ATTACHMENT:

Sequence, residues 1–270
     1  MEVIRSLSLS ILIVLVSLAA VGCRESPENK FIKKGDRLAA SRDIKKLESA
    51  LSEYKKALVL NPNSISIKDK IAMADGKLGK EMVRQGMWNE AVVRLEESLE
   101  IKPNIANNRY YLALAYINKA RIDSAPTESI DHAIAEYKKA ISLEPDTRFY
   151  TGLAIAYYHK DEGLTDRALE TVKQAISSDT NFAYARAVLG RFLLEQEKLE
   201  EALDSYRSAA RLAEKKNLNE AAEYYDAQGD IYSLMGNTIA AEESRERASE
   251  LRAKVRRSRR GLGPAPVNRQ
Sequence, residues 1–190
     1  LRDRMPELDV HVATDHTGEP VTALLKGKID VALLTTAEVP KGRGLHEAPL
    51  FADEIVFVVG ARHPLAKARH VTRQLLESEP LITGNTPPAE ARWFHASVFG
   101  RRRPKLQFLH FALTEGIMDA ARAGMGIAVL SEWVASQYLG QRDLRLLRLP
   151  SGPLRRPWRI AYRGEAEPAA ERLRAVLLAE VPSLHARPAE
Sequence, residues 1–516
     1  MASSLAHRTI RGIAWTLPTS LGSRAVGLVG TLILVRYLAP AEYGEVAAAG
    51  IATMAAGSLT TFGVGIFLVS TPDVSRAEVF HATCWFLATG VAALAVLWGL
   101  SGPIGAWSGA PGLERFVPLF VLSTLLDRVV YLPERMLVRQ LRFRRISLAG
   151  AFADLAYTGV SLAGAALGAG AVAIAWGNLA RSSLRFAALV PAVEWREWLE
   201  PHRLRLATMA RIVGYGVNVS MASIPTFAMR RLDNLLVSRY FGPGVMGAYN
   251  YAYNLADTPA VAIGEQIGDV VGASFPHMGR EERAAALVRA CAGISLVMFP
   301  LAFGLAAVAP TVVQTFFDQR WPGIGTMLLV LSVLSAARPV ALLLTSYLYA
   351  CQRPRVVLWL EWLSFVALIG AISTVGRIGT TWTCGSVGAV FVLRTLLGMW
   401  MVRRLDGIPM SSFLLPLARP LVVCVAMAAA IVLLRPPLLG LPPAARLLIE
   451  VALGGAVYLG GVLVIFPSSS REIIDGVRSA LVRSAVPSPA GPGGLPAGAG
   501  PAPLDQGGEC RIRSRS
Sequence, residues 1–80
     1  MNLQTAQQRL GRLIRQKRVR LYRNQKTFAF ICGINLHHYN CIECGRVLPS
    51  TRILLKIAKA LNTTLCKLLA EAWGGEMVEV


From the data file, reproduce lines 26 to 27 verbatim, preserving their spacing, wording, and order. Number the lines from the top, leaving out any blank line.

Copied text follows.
     1  MNLQTAQQRL GRLIRQKRVR LYRNQKTFAF ICGINLHHYN CIECGRVLPS
    51  TRILLKIAKA LNTTLCKLLA EAWGGEMVEV